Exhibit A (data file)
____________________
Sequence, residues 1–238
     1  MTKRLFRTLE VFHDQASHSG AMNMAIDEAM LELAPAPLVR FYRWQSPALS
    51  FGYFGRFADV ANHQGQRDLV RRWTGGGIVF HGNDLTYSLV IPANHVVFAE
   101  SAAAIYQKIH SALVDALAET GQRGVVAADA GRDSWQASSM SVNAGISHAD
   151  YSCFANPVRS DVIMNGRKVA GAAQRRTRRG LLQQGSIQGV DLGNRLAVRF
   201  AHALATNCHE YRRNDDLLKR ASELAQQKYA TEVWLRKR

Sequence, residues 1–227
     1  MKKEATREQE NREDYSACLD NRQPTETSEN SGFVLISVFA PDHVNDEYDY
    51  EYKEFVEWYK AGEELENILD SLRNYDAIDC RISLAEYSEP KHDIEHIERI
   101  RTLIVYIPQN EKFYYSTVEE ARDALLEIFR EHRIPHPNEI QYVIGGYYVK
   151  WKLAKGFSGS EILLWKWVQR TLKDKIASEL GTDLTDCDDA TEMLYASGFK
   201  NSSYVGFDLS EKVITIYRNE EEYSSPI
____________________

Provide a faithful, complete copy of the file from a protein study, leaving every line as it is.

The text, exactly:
Sequence, residues 1–238
     1  MTKRLFRTLE VFHDQASHSG AMNMAIDEAM LELAPAPLVR FYRWQSPALS
    51  FGYFGRFADV ANHQGQRDLV RRWTGGGIVF HGNDLTYSLV IPANHVVFAE
   101  SAAAIYQKIH SALVDALAET GQRGVVAADA GRDSWQASSM SVNAGISHAD
   151  YSCFANPVRS DVIMNGRKVA GAAQRRTRRG LLQQGSIQGV DLGNRLAVRF
   201  AHALATNCHE YRRNDDLLKR ASELAQQKYA TEVWLRKR

Sequence, residues 1–227
     1  MKKEATREQE NREDYSACLD NRQPTETSEN SGFVLISVFA PDHVNDEYDY
    51  EYKEFVEWYK AGEELENILD SLRNYDAIDC RISLAEYSEP KHDIEHIERI
   101  RTLIVYIPQN EKFYYSTVEE ARDALLEIFR EHRIPHPNEI QYVIGGYYVK
   151  WKLAKGFSGS EILLWKWVQR TLKDKIASEL GTDLTDCDDA TEMLYASGFK
   201  NSSYVGFDLS EKVITIYRNE EEYSSPI